posted on Jan, 23 2012 @ 01:01 AM
reply to post by VonDoomen
Also, don't get all metaphorical about holographic storage. Once you get into information theory, it doesn't matter what you store the data on,
magnetic drives, optical disk, holographic cubes, atoms, saltine crackers. It just doesn't matter
Cause you have to read it off the medium and send it to the CPU before the CPU can do anything with it anyway and at that point, it's just data. The
CPU has no idea where the data came from and more importantly, it doesn't care. So, just using holographic storage doesn't make it magical or
anything. It's just another way to store data.
The question is, how redundant is it? Do you have another copy if something goes wrong? That's all that matters. And like I said, accuracy is the
number one factor for modern day computers. Like you said, cut the holograph in half and you have the same image, but it's at HALF resolution.
That doesn't work for modern computers. The number one feature people love about modern computers is that they're digital. They produce EXACT digital
replicas every time at full resolution, not half. We can't have the videos on our hard drives halving in resolution every time we download a new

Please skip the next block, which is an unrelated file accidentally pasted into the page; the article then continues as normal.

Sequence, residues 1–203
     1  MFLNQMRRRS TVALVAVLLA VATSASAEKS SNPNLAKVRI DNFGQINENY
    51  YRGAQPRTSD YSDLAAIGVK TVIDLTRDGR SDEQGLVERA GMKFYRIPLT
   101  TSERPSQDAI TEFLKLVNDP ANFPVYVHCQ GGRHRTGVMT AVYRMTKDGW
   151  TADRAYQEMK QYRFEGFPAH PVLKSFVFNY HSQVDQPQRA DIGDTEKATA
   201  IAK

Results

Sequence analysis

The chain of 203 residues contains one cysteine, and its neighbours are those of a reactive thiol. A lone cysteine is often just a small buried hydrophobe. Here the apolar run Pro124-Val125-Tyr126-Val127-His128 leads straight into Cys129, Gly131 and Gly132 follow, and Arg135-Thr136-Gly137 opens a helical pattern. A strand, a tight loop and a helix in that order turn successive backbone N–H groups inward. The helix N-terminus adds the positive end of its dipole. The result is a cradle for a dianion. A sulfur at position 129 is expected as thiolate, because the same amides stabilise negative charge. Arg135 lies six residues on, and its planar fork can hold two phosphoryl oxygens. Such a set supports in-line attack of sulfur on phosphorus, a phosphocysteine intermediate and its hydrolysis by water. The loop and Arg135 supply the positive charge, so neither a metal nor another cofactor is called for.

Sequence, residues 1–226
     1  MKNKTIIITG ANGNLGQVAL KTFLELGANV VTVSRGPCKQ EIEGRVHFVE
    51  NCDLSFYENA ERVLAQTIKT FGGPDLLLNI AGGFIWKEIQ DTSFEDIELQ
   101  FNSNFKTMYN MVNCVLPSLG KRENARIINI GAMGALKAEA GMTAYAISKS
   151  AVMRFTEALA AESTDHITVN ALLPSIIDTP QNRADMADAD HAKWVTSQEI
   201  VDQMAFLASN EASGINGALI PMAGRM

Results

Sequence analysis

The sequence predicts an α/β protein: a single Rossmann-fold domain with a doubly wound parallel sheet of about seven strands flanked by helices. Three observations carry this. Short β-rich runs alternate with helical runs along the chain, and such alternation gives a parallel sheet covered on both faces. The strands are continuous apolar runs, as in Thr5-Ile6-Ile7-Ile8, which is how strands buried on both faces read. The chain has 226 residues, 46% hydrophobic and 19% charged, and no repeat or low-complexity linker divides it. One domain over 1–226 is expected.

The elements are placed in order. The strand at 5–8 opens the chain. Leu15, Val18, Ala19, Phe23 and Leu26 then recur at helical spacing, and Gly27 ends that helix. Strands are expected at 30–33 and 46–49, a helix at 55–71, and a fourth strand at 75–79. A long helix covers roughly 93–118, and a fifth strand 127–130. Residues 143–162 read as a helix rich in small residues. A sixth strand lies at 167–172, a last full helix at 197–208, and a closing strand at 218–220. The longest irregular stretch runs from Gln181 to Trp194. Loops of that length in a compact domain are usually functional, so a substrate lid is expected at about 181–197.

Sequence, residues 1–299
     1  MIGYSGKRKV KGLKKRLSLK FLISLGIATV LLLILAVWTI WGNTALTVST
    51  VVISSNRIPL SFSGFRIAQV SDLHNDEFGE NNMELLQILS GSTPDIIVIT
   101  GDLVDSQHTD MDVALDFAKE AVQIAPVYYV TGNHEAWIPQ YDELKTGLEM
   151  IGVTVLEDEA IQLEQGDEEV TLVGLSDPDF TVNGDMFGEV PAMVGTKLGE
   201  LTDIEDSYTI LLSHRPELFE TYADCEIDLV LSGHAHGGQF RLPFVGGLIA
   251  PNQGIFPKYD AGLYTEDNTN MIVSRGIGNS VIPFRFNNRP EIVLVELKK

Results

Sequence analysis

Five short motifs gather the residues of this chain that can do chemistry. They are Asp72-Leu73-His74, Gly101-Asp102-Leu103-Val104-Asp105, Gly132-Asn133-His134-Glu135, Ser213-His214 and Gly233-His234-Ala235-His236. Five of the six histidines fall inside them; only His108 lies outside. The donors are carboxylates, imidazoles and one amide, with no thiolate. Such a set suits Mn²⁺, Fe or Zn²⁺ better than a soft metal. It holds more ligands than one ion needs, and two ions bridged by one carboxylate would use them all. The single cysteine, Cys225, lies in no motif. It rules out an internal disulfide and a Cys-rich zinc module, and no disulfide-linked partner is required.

video. That won't work for consumers. They want all their videos in FULL res. That's why we don't use holographic storage. We use magnetic disk with
lots of sectors to store exact copies.
Like I said, that's the difference between modern computers and the human brain. Modern computers are all about accuracy. 2+2 is always four, and
every time you play the video the exact same pixels are turned on and off. The human brain however is lossy. It doesn't have to be exact but just
fast, efficient, and almost exactly right. That's why the brain uses networked-distributed-lossy storage.
edit on 23-1-2012 by tinfoilman because: (no reason given)